Now, back in SF, it was a completely different situation.
We hosted a gathering of writers, affiliates, and other mucky-mucks at the Cathedral Hill Hotel because we wanted to treat everyone to an evening with the world-renown “Beer Chef“, who puts on fabulous dinners there once a month. (You can read more about Bruce Paton’s unique meals at www.beer-chef.com. )
You want the “Beer Chef”, you deal with Cathedral Hill. (And yes, we very much wanted his magic. He creates these shockingly-tasty gourmet meals there, with each course matched by a local micro-brew beer instead of boring old wine. It’ll knock your socks off, even if you aren’t well-versed in pilsners, ales and lagers.)
We also started the day off with an afternoon-long brainstorm session in the hotel’s main meeting room. (I’m sure you caught some of the updates on Twitter from the luminaries and stars in attendance.)
… none of us had ever stayed at the hotel.
And while it has a storied past (well-chronicled in San Francisco lore), it has, alas, fallen on hard times.
Culminating in being bought out a short time ago and scheduled for the wrecking ball.
We made the most of it. The stories and jokes we all shared about our rooms and experiences in the hotel are howlingly funny…
… but still, as a “product”, there’s no getting around the fact that the building was in serious disrepair.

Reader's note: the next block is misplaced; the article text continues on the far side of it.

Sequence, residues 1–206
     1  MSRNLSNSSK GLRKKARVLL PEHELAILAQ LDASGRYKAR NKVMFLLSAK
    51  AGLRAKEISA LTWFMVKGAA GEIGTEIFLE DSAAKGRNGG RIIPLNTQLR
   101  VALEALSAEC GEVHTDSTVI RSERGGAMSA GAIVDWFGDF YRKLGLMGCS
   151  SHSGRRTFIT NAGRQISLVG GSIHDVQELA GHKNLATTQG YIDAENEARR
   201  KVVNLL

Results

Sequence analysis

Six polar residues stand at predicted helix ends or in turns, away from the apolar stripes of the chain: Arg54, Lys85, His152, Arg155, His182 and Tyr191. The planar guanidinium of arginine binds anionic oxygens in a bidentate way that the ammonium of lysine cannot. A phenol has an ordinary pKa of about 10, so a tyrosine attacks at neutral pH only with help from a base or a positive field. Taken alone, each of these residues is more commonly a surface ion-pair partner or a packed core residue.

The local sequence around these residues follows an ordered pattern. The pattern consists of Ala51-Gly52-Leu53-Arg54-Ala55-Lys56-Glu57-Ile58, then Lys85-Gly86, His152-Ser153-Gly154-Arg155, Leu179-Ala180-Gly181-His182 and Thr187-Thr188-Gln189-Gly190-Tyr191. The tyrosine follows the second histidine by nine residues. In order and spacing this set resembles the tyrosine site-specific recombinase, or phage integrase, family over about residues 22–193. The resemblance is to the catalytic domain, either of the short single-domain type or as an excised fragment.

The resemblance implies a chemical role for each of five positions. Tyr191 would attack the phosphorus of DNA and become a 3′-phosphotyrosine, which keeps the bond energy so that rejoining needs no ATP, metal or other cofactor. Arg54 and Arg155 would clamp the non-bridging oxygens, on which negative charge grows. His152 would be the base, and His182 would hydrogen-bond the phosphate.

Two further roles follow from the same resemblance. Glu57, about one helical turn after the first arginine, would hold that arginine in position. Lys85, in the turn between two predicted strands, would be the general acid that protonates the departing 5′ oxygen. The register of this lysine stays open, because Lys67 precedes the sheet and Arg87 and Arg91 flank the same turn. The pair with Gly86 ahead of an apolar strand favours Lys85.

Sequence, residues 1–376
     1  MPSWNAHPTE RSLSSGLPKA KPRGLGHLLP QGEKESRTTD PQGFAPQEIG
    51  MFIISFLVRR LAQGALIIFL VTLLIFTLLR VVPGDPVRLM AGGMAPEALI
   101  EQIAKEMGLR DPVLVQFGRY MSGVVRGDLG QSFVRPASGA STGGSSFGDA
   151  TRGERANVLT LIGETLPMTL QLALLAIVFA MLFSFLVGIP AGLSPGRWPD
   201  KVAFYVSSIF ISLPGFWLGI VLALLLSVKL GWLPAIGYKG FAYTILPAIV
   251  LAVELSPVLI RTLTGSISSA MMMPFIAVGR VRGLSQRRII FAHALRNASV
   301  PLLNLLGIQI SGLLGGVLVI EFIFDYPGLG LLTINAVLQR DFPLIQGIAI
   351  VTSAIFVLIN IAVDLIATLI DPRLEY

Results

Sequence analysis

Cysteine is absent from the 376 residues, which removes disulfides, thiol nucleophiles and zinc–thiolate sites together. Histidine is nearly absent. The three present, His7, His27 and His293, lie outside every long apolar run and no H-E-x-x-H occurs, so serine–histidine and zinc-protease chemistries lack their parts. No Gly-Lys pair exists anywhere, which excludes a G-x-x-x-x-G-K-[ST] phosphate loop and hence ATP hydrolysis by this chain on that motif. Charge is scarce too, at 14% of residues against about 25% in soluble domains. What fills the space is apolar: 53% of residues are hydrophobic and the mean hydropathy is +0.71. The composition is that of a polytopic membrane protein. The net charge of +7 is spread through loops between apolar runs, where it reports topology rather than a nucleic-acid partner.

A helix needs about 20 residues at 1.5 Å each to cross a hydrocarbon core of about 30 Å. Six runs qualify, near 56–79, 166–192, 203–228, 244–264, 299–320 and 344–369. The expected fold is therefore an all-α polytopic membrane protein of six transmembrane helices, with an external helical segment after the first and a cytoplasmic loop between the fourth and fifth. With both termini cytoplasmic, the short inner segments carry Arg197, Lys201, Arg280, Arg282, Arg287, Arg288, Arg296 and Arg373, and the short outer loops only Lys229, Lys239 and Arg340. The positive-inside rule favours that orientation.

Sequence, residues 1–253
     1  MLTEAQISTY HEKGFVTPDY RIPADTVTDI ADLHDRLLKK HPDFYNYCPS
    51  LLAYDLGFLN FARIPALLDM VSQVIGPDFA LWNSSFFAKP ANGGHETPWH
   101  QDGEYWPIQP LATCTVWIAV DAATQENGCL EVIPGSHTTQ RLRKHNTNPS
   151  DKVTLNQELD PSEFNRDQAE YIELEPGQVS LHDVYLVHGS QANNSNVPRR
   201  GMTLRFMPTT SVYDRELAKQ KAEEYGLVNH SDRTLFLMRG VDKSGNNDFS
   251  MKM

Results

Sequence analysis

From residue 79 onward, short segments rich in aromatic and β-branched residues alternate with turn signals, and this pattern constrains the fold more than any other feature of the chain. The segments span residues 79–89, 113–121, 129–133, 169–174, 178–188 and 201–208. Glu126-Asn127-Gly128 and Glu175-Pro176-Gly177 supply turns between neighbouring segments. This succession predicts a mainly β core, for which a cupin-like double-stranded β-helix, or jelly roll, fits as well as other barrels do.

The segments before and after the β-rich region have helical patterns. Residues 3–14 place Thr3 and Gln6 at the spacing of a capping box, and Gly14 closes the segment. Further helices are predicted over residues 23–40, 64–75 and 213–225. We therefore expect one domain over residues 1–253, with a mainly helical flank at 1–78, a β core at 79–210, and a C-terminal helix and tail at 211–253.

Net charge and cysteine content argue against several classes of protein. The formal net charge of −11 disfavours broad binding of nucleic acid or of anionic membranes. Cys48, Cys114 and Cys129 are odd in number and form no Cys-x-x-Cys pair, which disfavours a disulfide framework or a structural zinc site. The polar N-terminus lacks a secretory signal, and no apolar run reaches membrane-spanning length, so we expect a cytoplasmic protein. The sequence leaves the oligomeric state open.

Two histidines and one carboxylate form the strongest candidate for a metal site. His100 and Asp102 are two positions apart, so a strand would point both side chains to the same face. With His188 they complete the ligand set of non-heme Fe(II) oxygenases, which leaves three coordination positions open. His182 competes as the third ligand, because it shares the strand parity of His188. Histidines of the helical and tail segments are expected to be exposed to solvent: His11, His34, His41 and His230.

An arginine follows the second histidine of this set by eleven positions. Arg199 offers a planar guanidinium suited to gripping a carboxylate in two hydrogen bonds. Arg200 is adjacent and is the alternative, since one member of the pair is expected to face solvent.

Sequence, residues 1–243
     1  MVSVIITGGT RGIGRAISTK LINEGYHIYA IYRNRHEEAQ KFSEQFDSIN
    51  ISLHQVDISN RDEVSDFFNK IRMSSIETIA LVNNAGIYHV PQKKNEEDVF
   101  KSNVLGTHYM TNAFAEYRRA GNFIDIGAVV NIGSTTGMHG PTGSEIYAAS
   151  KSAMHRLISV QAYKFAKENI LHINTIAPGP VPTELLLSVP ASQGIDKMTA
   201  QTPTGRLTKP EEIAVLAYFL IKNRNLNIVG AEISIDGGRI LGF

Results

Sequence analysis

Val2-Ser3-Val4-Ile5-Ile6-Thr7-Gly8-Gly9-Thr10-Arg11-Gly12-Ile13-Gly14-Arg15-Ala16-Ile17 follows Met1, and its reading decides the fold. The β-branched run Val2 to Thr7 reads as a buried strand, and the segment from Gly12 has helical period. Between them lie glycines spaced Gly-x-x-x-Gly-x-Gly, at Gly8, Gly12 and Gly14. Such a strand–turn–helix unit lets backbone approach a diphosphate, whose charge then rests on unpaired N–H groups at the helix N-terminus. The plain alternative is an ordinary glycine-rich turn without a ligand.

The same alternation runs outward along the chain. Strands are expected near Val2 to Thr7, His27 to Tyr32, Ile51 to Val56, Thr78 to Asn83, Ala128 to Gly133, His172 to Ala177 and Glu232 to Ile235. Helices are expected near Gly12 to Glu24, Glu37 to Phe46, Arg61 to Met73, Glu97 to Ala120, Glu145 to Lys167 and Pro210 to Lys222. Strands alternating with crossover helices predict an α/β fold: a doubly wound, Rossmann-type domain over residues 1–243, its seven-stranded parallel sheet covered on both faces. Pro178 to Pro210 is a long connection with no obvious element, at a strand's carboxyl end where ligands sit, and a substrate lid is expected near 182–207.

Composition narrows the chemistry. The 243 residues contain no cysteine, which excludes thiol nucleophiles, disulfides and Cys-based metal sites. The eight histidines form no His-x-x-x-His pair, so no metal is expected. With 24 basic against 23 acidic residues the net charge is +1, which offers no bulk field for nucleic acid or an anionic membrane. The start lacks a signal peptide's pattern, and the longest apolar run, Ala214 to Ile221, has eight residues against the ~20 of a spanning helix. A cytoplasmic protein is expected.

Sort of like a once-beautiful lady who has fallen on hard times, and ended up sacked-out in a filthy alley, soused with cheap booze and a reputation heading south at light speed.
The price was actually a red flag: You cannot stay in the city, in a decent room, for anywhere near the rate Cathedral Hill was asking.
Kind of like seeing an ad for a luxury Caribbean Cruise in the paper for five bucks. It sort of sets off your early-warning alarm. (Five bucks and your kidney, maybe.)
So… while no one got robbed, or found a dead hooker in their room… Read more…
“… and in the early mornin’ fog, I looked into those Mystic Eyes…” (Van Morrison, with Them, “Mystic Eyes”)
Had a little extended email exchange with our old pal Shawn Casey today.
See, he’s about to turn the Big Five-Oh… and I offered him the same gift that Gary Halbert offered me when I turned 50: An open invitation to hear about all the horrific shit he has to look forward to as his body slams full-force into official middle age.